Modifications: In the world of classic and collector cars, originality is king. The cars that command the highest dollar value are the examples that are closest to original spec and condition. In the overwhelming majority of cases, modifications that detract from the originality of the car are going to hurt the value. With that said, some modifications are worse than others. When buying a modified classic car, the modifications should be looked at closely to determine if they are period-correct, meaning that they are modifications that an owner would have done as an upgrade at the time the car was new. These situations are somewhat uncommon, but they are out there. An example of this being the fitment of European-spec bumpers to US-market BMWs of the 1970s and 1980s; when the US government began mandating that all cars sold in the US must be equipped with bumpers that could withstand a 5mph impact, many BMW owners opted to purchase Euro-look bumpers, whether that be from an OEM parts supplier or an aftermarket manufacturer. The US-market cars came standard with what are now known in the BMW community as “picnic bench” or “diving board” bumpers, which protrude out quite far from the car’s body, and to many people, detract from the car’s clean, handsome aesthetic.
Engine Size: There’s no replacement for displacement, so goes the saying. Tying back to my point of automatic transmissions pushing manual transmissions into extinction, much of the same is happening under the hood. Governments all across the globe are tightening emissions restrictions on new vehicles, which, while necessary for the longevity of the planet, is transforming engines as we know them. Automotive manufacturers are scaling back production of their gas-guzzling, naturally aspirated motors and investing in development of much smaller motors that utilize forced induction, or turbos, as most people know it. These smaller, lighter, turbo’d motors are often times more powerful and efficient than their naturally aspirated predecessors, but do not always provide quite the same exhaust note or driving experience. Companies like Ferrari and Aston Martin, once made famous by their glorious V12 engines, are now developing V8s and utilizing forced induction in an effort to increase fuel efficiency. Even muscle cars like the Camaro and Mustang, long synonymous with raw, naturally aspirated V8 power, now come standard with turbo’d 4-cylinder engines! The times they are a changing. What does this mean from a collector’s point of view? Cars that are the final iteration of higher-displacement motors are likely to appreciate in value. For example, let’s say the Ferrari F12 ends up being the final front-engined V12 Ferrari ever produces. From a collector standpoint, that carries serious weight. Too bad it never came with a gated manual shifter!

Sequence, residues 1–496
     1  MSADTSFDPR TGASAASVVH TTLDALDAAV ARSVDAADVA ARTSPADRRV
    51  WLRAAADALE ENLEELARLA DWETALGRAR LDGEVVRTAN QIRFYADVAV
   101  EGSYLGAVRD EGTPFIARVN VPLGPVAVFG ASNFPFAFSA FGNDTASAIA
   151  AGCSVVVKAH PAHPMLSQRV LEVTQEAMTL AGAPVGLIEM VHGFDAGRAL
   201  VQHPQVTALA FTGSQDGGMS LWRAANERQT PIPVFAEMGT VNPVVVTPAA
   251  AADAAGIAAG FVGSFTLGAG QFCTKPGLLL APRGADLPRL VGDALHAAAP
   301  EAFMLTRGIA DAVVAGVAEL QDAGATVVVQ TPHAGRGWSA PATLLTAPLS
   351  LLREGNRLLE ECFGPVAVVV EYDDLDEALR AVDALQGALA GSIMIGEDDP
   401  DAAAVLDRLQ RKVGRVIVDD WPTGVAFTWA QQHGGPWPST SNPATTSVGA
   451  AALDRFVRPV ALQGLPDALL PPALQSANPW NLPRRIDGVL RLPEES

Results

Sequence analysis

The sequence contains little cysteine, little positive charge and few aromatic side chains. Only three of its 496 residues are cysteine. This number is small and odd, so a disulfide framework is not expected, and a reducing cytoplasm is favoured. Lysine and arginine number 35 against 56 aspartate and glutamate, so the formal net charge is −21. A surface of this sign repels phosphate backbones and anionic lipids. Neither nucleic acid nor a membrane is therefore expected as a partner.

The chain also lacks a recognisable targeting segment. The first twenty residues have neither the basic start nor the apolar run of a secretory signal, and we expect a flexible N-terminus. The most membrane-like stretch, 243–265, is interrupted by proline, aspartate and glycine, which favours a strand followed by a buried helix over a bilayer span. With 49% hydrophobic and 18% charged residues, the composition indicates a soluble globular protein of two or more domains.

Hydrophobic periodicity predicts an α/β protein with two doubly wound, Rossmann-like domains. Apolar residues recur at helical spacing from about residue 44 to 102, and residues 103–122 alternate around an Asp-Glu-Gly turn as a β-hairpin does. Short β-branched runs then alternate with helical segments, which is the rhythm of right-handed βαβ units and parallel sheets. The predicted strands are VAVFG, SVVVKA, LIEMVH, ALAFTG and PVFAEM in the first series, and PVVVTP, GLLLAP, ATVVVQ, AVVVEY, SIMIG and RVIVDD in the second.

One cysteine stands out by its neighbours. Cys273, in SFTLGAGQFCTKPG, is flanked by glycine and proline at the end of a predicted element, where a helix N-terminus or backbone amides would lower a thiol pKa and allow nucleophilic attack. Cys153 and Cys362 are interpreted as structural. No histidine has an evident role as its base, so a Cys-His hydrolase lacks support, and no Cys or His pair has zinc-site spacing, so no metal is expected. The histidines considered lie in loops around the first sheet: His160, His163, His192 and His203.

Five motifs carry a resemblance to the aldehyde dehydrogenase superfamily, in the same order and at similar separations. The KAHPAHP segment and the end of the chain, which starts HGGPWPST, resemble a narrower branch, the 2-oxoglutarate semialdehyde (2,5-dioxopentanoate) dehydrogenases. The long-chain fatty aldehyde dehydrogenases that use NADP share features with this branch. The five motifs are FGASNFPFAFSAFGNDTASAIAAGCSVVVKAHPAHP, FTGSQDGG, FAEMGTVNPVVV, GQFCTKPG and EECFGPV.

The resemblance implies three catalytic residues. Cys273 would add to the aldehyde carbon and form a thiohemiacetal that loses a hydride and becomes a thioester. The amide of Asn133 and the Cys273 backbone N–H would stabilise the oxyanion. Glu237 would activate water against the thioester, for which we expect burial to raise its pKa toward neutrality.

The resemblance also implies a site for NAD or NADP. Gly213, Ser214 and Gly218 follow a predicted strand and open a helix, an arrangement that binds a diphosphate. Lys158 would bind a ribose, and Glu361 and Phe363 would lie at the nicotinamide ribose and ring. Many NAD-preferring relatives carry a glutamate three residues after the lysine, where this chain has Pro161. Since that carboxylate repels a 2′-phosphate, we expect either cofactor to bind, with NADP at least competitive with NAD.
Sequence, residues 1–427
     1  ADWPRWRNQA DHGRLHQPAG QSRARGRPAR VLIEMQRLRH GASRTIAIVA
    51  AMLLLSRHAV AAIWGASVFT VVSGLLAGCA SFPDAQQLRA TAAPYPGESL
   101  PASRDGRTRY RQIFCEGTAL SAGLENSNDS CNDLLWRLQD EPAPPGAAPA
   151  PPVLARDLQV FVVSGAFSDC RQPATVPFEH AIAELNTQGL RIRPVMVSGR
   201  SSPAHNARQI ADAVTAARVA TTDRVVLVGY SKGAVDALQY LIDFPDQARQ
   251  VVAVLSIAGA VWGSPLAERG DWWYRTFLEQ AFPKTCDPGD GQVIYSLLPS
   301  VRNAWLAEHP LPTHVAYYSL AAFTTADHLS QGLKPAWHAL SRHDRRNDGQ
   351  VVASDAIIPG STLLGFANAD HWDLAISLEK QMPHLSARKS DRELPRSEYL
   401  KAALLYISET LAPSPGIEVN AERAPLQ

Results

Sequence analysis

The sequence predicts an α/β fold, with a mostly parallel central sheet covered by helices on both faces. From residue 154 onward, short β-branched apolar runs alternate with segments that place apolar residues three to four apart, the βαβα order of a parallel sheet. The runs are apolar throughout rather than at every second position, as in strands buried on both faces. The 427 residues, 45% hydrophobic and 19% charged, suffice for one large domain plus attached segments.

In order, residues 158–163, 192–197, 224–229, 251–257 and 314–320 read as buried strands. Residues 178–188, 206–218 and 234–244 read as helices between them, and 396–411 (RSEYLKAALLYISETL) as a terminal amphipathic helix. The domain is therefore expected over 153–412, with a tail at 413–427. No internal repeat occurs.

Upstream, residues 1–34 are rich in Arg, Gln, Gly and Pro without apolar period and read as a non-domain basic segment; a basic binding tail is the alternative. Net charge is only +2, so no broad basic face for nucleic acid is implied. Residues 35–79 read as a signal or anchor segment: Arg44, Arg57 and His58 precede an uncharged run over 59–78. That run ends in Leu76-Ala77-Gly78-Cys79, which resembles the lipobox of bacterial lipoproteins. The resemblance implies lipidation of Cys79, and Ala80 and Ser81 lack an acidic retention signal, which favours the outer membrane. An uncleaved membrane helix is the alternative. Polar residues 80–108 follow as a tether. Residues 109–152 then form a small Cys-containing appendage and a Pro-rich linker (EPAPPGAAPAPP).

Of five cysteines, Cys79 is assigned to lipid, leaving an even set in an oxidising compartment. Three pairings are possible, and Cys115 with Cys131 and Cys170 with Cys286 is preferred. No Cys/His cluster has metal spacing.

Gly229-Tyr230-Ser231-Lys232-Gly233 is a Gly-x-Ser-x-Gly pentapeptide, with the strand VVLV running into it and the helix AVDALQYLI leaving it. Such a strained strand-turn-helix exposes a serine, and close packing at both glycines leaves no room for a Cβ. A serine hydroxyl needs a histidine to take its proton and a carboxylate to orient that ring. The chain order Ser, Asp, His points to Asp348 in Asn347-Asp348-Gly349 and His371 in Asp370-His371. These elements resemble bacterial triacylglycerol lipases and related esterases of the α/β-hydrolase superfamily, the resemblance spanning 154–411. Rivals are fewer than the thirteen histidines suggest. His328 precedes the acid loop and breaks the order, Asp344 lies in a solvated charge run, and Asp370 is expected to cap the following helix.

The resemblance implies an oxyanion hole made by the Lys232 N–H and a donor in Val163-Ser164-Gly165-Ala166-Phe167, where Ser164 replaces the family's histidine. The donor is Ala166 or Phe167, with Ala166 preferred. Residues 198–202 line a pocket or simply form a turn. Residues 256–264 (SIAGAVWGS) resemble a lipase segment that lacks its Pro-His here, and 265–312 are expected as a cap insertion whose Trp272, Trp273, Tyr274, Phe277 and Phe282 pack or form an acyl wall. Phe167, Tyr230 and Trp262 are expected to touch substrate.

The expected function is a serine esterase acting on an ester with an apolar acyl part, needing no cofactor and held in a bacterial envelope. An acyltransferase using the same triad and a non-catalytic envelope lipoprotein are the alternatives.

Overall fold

Less is More: These three words can be applied to the collector car market in a handful of ways. As you would expect, less mileage, fewer previous owners, and limited production numbers will all play a role in making a particular example more valuable than the rest. “Less is more” can also be applied to the options tag of certain cars, specifically sports cars. The more analog a car is, the better it will age. Cars that were spec’d out with minimal creature-comforts when new will stand the test of time, as there are fewer powered systems with potential to fail as the car ages. With vintage sports cars, minimalism is a great thing. Take a look at, and I apologize for another Porsche reference, but the Porsche 911 market, as it is the most extreme example of “less is more”. The RS badged cars are the most expensive, yet the least equipped as far as creature-comforts. The RS is the most expensive because the 911 is a purpose-built driver’s car, and the bare-bones RS provides the most pure, unhindered driving experience.
Everyone has their own soft spots for certain makes and models; whether that be due to nostalgia or the intangible attraction we gear-heads feel towards cars that exemplify form-following-function, just because you feel a car is special doesn’t necessarily mean that the market as a whole agrees. My hope is that these five pointers will help to narrow down your next classic car purchase to examples that have the most potential for appreciation. Happy bidding.
Written by: Jake DePierro